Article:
in the world but not of it

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Before Christmas I was reading through the Perspectives On Our Age by Jacques Ellul. It is a translation of a lecture series he did on CBC, and one of the many things to catch my attention was part of a discussion on education. I want to quote a couple of paragraphs and then discuss it but the hard part is the term he uses, technological. Elsewhere in the book he describes it as being a love-of-technique. So it isn’t technological in the way of mechanical or computer run, but technological in the way of prioritizing technique. One example he talks about is athletes no longer being allowed to have their own style of movement but about them learning how to have the most efficient technique. So in talking about a “technological milieu” I don’t think he’s talking just about the prevelance of refridgerators and blackberries, but also of a certain sort of world-view that is obsessed with effeciency.
 

This leads, obviously, to the problem of educating children. For a longer or shorter period, our children and grandchildren, we must realize, will be living in a technological milieu, and we cannot even for one second imagine that we can raise them without some contact with it. Once again, the point is not to refuse to admit that technology exists, because it does exist; it is our milieu.
This goes back to what I was saying about the milieu. I know that it has in fact happened that when historical societies organized, small groups or sometimes individual people absolutely refused, saying: “We want to keep living like monkeys in the forest.” Of course, they could do so, rejecting the development of society. But this was no solution. Those who continued living in the forest became extinct.
In the same way, one cannot claim to go on living as in the nineteenth century. We cannot bring up our children as though they were ignorant of technology, as though they had not been introduced from the first into the technological world. If we tried to do that, we would make total misfits of our children, and their lives would be impossible. They would then be highly vulnerable to the powers of technology. Yet we cannot wish them to be pure technical experts, making them so well fit for the technological society that they are totally devoid of what has until now been considered human.
Hence, I think that on one hand we must teach them, prepare them to live in technology and at the same time against technology. We must teach them whatever is necessary to live in this world and, at the same time, to develop a critical awareness of the modern world. This is a very delicate balance, and we should not delude ourselves. We are preparing a world that will be even harder to live in for our children than it is for us. For us it is already complicated. And our children will be forced to deal with even more difficult situations.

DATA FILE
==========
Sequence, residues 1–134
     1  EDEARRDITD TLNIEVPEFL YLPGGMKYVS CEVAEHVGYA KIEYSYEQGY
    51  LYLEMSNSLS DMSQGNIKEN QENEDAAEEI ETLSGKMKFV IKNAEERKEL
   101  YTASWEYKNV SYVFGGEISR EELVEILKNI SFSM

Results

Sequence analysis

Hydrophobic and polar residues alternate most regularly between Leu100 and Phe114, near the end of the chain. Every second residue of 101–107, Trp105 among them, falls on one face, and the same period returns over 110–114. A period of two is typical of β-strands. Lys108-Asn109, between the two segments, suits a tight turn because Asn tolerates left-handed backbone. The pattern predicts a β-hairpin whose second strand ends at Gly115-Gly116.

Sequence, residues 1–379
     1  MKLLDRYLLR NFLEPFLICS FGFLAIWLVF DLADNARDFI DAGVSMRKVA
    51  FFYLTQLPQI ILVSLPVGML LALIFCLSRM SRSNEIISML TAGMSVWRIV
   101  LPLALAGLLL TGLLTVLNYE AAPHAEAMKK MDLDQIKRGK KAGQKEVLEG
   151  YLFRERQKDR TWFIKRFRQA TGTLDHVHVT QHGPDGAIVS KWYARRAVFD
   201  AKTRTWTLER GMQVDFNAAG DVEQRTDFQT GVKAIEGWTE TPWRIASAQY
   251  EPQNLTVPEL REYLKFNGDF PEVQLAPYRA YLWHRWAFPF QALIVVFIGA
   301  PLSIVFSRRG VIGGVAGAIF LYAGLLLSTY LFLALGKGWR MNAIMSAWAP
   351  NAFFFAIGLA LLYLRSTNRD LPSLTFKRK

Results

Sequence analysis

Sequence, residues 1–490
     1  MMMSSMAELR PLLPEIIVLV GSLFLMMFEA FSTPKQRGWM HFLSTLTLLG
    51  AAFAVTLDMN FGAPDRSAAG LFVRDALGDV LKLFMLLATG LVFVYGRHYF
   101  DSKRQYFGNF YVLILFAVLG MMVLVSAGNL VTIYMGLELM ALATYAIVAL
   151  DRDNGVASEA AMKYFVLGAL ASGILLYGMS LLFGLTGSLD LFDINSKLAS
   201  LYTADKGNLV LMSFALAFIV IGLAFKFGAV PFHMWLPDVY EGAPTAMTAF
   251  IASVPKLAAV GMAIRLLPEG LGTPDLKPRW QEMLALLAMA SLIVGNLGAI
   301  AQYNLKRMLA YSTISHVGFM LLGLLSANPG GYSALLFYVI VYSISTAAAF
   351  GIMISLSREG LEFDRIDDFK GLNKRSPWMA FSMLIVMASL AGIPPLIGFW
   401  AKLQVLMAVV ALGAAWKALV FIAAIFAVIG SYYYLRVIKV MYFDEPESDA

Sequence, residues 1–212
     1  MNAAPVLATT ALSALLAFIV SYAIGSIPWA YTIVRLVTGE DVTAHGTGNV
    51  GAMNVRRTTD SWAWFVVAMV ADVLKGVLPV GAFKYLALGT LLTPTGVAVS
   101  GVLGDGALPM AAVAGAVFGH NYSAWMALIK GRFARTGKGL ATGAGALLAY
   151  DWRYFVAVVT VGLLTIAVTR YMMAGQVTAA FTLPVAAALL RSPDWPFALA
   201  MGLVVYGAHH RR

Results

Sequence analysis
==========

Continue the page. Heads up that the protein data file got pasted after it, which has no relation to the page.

He goes on to say that children should attend public schools but with additional education. However I’m going to ignore that last little recommendation and focus on the question of trying to raise children so that they are not total misfits and yet not so assimilated within our culture that they cannot question it.

I know some homeschoolers want to raise misfits. For some it comes from a religious notion of being in the world but not of it. For some it is a belief that misfits are somehow superior to “sheeple” or ordinary people. For some it is a belief that the mainstream world is too evil.  Well, I’m not determined to raise my children as misfits. Now they might be or become misfits, but that isn’t my goal.  The goal has got to be to work within the world, making connections with other people and attempting to change ideas and attitudes but without giving up ideals either.

Even for myself, I question how I can further explore the ideas and paradigms that interest me without at the same time alienating myself from others around me.

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